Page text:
In That Was Then, This Is Now by S. E. Hinton, what created a strain in the formally friendly relationship between Mark and Cathy?

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In Chapter 6, Bryon, Cathy, Mark, and M&M go for a drive down the Ribbon and hang out together. While they are sitting at a red light, a person in the car to the left of them makes an obscene gesture and a rude comment. Mark then reaches across M&M,...

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In Chapter 6, Bryon, Cathy, Mark, and M&M go for a drive down the Ribbon and hang out together. While they are sitting at a red light, a person in the car to the left of them makes an obscene gesture and a rude comment. Mark then reaches across M&M, opens the door, runs over to the car, and punches the person in the face. After Mark had hopped back into the car, Bryon drives off. Cathy then makes a sarcastic comment by saying, "You're a fast worker" (Hinton 97). Mark responds by saying that he gets these "impulses," to which Cathy dryly says, "Impulses to jump out of cars and hit people?" (Hinton 97). Mark intelligently replies by saying "They hit us first...A hit don't have to be physical. I couldn't hit them the way they hit us without hitting you, too" (Hinton 97). Bryon then mentions how surprised Cathy was at Mark's thoughtful answer. Cathy then comments that she never knows what to make of Mark, and Mark essentially tells her to lighten up and stop trying to analyze people.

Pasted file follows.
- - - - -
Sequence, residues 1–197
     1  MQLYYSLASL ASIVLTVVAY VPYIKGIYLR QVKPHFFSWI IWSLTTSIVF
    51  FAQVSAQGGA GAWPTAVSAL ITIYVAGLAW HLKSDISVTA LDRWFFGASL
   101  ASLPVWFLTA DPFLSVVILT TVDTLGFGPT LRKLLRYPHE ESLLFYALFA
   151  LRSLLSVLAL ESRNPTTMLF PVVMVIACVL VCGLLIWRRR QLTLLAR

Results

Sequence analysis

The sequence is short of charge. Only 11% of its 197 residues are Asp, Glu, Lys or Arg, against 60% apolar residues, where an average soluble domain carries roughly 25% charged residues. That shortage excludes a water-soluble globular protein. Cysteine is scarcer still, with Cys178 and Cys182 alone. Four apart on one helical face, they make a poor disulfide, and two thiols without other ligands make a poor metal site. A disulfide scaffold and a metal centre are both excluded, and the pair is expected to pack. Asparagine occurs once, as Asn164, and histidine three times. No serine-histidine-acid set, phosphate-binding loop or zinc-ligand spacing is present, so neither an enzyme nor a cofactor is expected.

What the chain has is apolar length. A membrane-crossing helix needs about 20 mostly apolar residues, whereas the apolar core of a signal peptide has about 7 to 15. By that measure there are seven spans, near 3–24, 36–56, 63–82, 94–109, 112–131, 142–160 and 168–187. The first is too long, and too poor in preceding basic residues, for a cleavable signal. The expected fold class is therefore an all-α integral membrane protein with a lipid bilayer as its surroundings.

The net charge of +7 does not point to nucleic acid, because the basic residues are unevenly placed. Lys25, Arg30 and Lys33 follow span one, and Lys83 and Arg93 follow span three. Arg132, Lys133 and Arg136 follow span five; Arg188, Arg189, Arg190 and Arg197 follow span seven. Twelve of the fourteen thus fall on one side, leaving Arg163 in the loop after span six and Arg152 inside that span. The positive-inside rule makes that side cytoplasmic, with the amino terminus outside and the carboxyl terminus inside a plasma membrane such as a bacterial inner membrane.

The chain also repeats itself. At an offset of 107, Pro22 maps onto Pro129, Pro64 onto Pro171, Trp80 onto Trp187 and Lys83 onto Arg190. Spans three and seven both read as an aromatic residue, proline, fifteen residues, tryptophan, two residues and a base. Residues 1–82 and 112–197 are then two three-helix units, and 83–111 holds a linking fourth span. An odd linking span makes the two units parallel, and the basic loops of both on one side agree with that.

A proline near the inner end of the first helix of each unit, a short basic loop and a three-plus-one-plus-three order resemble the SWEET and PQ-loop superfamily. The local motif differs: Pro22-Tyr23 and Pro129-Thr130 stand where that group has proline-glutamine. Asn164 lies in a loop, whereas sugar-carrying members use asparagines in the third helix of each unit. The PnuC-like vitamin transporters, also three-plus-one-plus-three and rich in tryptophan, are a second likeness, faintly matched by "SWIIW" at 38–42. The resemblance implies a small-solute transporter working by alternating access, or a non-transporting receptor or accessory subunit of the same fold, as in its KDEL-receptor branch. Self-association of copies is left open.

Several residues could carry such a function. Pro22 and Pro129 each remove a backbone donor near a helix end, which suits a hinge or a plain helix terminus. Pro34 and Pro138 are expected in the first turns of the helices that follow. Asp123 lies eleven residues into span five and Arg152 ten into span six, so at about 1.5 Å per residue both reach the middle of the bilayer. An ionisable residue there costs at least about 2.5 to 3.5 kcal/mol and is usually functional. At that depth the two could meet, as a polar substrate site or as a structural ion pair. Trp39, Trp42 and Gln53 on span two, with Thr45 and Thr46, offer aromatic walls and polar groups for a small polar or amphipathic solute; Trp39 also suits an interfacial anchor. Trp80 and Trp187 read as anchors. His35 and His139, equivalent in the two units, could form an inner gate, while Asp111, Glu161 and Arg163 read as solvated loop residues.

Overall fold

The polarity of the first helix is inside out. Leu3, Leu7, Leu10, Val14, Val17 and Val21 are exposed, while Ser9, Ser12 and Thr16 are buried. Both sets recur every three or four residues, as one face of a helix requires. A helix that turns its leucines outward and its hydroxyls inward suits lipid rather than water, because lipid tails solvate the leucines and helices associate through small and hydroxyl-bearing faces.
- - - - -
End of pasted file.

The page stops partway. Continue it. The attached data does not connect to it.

Later on, they stop at a drive-in to grab something to eat, and Bryon begins to tell the story to Cathy about the time he was beaten up for being drunk. When Cathy tells Bryon that he shouldn't have been drinking, Bryon says, "I never thought of it that way" (Hinton 99). Mark then enters the conversation and says, "Who would?" (Hinton 99). Bryon mentions

"I realized right then that whatever chance Mark and Cathy had ever had of becoming friends was gone. I had already sensed in Cathy the same hostility toward Mark that he had for her" (Hinton 99).

Bryon is constantly spending time with Cathy instead of Mark, which initially creates a strain in their relationship. Mark had harbored feelings of jealousy for Cathy because she spent so much time with Bryon, but when Mark and Cathy hang out, his true personality conflicts with hers. Cathy is thoughtful and sensitive, while Mark is rash and violent. Cathy does not like Mark's attitude, and Mark cannot stand being judged. After Cathy realizes that Mark does not understand right from wrong, she begins to view him with contempt.

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